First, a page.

Deashing and concentration of sugar solution using combination of electrodialysis and reverse osmosis
This study reports on the performance obtained during pilot-scale tests for an innovative treatment process to deash and concentrate sugar-rich water originating from a biorefinery industry. The process consisted of electrodialysis (ED) first to deash the sugar solution, followed by reverse osmosis (RO) to concentrate the deashed sugar solution. This process was proposed as a more sustainable alternative to the currently in-use process which consists of ion exchange (IEX) for deashing combined with evaporation to concentrate the sugar solutions.
To prove the concept, a sugar solution originating from the hydrolyzation of cellulose was used for the tests. The solution contained 3.4 wt% C5/C6 sugar and ~3.0 wt% sodium chloride (NaCl). The experiments were performed on pilot-scale using the two technologies. Both steps were operated in batch modes. For ED, the diluate was recirculated in the feed tank until a certain electrical conductivity of the diluate was achieved. Likewise, RO concentrate was recirculated in the feed tank until a certain brix was reached for a constant flux. The concentration of ash was estimated by monitoring the electrical conductivity. On top of this, the temperature was continuously monitored and the volume and mass of the initial and final solutions in each process step were measured. Finally, the sugar and ash concentrations were analytically measured to perform a mass balance and estimate deashing rate and the sugar losses.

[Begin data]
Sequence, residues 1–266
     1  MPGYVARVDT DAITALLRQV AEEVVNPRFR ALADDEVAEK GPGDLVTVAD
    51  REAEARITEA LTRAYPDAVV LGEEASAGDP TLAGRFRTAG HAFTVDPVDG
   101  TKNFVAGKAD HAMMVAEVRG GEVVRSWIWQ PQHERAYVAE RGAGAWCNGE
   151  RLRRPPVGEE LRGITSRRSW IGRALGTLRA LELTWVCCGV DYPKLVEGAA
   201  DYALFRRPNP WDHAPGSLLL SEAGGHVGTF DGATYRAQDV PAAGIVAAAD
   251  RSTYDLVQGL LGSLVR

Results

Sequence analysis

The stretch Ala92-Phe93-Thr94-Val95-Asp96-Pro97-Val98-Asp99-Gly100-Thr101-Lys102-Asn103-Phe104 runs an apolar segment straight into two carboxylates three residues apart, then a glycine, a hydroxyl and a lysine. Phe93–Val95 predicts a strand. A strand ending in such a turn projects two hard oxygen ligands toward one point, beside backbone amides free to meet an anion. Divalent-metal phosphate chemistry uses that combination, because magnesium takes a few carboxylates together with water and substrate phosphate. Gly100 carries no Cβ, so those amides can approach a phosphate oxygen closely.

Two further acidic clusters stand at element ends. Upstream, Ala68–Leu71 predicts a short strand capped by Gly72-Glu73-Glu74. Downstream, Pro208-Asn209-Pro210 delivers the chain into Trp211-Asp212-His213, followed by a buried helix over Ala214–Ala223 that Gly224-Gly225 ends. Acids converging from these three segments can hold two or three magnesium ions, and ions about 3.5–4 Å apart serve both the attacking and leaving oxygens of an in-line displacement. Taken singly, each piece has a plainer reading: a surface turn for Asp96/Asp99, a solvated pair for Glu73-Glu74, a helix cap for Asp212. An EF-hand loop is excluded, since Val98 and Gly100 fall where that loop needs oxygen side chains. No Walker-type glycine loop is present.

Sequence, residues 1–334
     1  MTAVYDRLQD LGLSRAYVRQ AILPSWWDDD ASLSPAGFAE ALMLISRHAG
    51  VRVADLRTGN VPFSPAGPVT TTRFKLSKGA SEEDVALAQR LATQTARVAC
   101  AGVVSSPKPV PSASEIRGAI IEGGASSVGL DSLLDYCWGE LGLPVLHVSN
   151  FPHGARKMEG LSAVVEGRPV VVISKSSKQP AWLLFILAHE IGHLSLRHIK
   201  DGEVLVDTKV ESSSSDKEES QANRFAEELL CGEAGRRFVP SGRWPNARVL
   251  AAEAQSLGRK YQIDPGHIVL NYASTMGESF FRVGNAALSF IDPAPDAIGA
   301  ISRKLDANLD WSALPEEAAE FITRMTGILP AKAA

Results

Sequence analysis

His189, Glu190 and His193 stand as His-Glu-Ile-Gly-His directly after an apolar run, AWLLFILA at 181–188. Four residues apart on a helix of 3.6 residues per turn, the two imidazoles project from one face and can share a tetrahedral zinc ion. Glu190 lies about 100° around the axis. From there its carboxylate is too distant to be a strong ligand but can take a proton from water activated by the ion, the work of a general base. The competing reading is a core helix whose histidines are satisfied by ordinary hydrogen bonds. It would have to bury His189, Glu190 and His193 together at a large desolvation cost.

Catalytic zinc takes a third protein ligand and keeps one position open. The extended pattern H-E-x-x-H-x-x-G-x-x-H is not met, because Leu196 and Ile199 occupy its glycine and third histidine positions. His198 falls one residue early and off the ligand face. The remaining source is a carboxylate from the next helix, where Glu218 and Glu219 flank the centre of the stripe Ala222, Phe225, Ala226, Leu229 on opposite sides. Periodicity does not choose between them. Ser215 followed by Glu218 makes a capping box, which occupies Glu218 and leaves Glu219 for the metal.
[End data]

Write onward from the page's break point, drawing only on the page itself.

ED proved to be an effective technology for the deashing of sugar solutions. The EC of the sugar solution was successfully decreased to 0.2 mS/cm (99.6% EC reduction) by ED. During deashing by ED, less than 1% of the sugars were lost to the ED concentrate stream. The experiment proved that with ED, target ash reduction could be achieved without the use of chemicals and minimal sugar losses towards the concentrate stream. In addition to this, RO also showed satisfying results in concentrating sugars from 3.4 wt% to 21.6 wt%, corresponding to a concentration factor of 6. This result was achieved while only using electrical energy and with a negligiblea negligible loss of sugar into the RO permeate.